Making Catch-And-Release Safer For Sharks
Say the word “shark” to a New Englander these days and the mind jumps straight to great white sharks, which have seen a remarkable increase here in recent years.
But great whites aren't the only sharks around. And it turns out we know little about many of the sharks that frequent New England's waters.
Now there’s a new effort to understand how catch-and-release fishing of sandbar sharks impacts their survival.
“We want to know if the catch and release processes is harming the fish in any way, and if it is, we want to work with fishermen to try to figure out what is it about the capture event that is causing the sharks to die,” Jeff Kneebone told Living Lab Radio.
Kneebone is a fisheries scientist with the Anderson Cabot Center for Ocean Life at the New England Aquarium and much of his research focuses on figuring out where sharks are and what they're doing as they move around the region.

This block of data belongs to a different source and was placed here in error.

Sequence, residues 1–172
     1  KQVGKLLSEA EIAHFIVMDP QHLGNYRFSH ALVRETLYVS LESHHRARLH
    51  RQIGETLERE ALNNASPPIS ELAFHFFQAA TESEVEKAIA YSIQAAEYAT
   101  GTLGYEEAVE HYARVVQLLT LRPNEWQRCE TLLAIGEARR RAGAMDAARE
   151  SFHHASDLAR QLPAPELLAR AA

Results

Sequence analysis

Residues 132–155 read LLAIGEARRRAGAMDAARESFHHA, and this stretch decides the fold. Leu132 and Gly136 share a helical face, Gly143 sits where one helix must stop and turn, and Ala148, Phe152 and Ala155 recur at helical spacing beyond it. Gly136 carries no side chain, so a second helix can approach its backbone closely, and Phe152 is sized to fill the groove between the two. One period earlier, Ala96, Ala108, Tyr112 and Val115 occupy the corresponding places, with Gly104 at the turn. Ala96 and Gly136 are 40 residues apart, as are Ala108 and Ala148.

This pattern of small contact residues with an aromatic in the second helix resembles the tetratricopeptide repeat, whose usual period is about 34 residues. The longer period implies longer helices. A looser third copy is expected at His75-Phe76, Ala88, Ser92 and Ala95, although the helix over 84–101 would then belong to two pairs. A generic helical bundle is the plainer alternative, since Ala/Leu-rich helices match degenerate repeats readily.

Twenty years ago, Sandbar sharks had a large population off the mid-Atlantic coast. When the population dropped, it became illegal to catch and keep them. But fishermen still are allowed to pursue them using catch-and-release fishing.
Given the sharks’ susceptibility to population declines, Kneebone wants to know more about what happens after they are caught and released. When they die, why?
“Is it how long they're being fought? Is it how they're being handled when they're landed on the beach? Is it where they're being hooked?” he said.
To do this, Kneebone is traveling this summer to Cape Cod beaches with fishermen to observe how they fish for sandbar sharks, which are also known as brown sharks. He’ll write down the details of how the fish was caught, handled, and thrown back. He’ll also attach a small data logger to each fish.
“They collect really high-resolution data about the animal’s swimming behavior,” Kneebone said. “It can be likened to like having a Fitbit on a shark.”
At the end of the project, he hopes to provide recommendations to fishermen about how to do catch and release fishing so they can keep “the welfare of the animals in mind.”
Web content produced by Elsa Partan.